The song took off and reached #1 position for a total of four weeks, Billboard ranked the record as the No. 2 song for 1967.

Peace of mind and body

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In yoga, touching together the tips of index finger with that of the thumb gives peace of mind and wisdom. This mudra or hand gesture is said to boost enthusiasm and enhance curiosity. Sitting in a Stressless recliner gives peace of mind and body.

Like yoga, sitting in a Stressless recliner can be practiced anytime.

 

Work, play, rest

Work hard, play harder and rest when you can, is advice that would have made Ben Franklin healthy, wealthy, and wise.

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Maybe Ovid, the Roman poet, said it best, “Take rest; a field that has rested gives a bountiful crop.” Einstein thought best while walking or playing the violin and Sherlock Holmes likewise liked to think and play his violin. Rip Van Winkle slept a bit too much. Sir Isaac Newton dozed and when an apple struck him on the head, he composed the three laws of physics. Hamlet, when perplexed sought to sleep, and perchance to dream. Leonardo da Vinci observed, “Every now and then go away, have a little relaxation, for when you come back to your work your judgment will be surer.”

Halloween night back then

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Back when I was young, there were no Halloween costumes for which to shop. No superstores, no online shopping.

Halloween was then, quite quaint.

We made our own costumes, or more truthfully, mom did. A ghoulie was dressed in tattered old clothes, with white flour caked on the face, a ghost was an old white sheet with holes cut out to see. A witch was a black dress and cape, a straggly wig, and a broom. A pirate was a pair of cut-off khaki pants, a torn plaid shirt, a bandana, and an eye patch.

Back then you’d find a cowboy or Indian, not now.

Houses were closer together back then. Mr. Levitt designed them like that, for convenience I imagine. There were rows of houses and scores of kids who poured outat dusk, when the shadows lengthened. Kids gathering in groups of six to ten, and swarming like a flock of swallows, or worse, like a biblical plague, lighting for a moment at one door then the next.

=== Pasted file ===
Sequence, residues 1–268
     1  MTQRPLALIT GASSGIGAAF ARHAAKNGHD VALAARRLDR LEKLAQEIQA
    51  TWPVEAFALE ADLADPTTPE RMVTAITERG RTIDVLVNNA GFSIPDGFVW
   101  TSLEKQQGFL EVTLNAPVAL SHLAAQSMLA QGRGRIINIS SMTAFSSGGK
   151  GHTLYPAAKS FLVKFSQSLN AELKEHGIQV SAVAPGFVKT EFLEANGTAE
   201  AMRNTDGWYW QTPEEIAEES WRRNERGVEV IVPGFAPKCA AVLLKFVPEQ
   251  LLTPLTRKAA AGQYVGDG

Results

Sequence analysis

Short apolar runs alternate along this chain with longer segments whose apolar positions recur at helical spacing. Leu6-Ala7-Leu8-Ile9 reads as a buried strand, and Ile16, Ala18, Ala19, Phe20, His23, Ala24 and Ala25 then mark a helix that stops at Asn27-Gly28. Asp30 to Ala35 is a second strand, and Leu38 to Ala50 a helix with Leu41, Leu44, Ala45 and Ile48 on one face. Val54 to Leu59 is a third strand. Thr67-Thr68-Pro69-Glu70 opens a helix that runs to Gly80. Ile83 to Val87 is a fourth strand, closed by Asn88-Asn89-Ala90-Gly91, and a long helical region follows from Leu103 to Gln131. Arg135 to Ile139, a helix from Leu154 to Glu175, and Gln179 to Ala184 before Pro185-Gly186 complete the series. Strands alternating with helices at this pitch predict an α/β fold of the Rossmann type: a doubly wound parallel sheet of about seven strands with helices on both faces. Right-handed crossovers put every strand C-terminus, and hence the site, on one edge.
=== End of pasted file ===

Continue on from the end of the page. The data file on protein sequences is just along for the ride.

Your favorite candy was always a Hershey or a Mars bar and if you were lucky, you got the really big bar, not the pop-in-your-mouth kind they sell at stores by the bag full. Stories spread quickly of who had the best and likewise who had the worst. Steer clear of the penny candy and the mean guy who flicked his finger with a snap in the paper bag we carried, he pretending he was giving when really he wasn’t.

And who doesn’t remember the brown bag, loaded with loot, ripping and tearing, candy showering all over the lawn? The mad dash of dirty dogs to grab what they could.

Back then, Halloween lasted for days.

Back then, when I was young, we played pranks. No, not the overturned outhouse that our parents claimed they did. Our trick was the tiny brown bag with a fresh dog turd, lit on fire, left at the door step, set aflame, door bell rung, and, quick, flee into the dark. Did we really do this or was it all a big dream.

Back then, Halloween was just for kids. Parents stayed at home, tending the fire in the hearth, stirring the chili in the pot, and listening from a tune from Fantasia, no doubt Mussorgsky’s Night on Bald Mountain; praying and hoping their neighbor’s trees would be draped in toilet paper come All Saints Day morn.

Not their own.

And we kids, when we were done, took our loot to our rooms and our beds, separating our candy, gloating with brothers and sisters over who had the best and who had the worst. Tired as we were, we stayed up late in the night, until dad thundered, enough fun, lights out!

Under the covers, head on the pillow, before we slipped into slumber, we uttered one final prayer:

 

From ghoulies and ghosties
And long-leggedy beasties
And things that go bump in the night,
Good Lord, deliver us!

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Serenity of mind

There is certainly something in angling … that tends to produce a gentleness of spirit, and a serenity of the mind.
Washington Irving

 

 

The thought is from Irving’s Sketch Book of Geoffrey Crayon, Gent.. In a short story titled The Angler he is commenting upon Izaak Walton’s The Compleat Angler. The story teller is “taking a morning’s stroll along the banks of the Alun, a beautiful little stream which flows down from the Welsh hills and throws itself into the Dee” when he comes upon a veteran angler and two friends…

 

 

The Sketch Book, as it is popularly called, also contains Irving’s beloved tales of Rip Van Winkle and the scary ride of Ichabod Crane.

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Fishing at Lake Cazenovia (Lake Kaz)

 

And when I am done, I will come home to my Stressless Opal recliner. I will sit and relax and relive the fading moments of the glorious day with Izaak Walton’s The Compleat Angler.

 

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Stressless Opal recliner

 

Irving’s The Sketch Book online.